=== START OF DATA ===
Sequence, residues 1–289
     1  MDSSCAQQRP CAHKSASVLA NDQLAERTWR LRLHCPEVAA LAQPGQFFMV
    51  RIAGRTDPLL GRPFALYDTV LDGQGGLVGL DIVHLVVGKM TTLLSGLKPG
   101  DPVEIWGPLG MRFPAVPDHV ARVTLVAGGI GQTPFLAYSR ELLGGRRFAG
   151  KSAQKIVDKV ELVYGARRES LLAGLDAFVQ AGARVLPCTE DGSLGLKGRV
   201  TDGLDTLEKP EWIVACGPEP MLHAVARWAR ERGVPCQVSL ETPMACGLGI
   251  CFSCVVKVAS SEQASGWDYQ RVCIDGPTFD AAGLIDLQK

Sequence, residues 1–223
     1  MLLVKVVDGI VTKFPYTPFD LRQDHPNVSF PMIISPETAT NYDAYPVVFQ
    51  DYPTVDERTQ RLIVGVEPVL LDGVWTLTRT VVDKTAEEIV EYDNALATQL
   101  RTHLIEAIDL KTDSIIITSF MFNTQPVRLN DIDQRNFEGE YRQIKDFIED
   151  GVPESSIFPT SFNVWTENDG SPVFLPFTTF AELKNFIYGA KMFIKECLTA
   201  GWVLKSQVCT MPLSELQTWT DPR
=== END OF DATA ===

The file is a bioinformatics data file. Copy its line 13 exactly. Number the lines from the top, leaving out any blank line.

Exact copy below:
   201  GWVLKSQVCT MPLSELQTWT DPR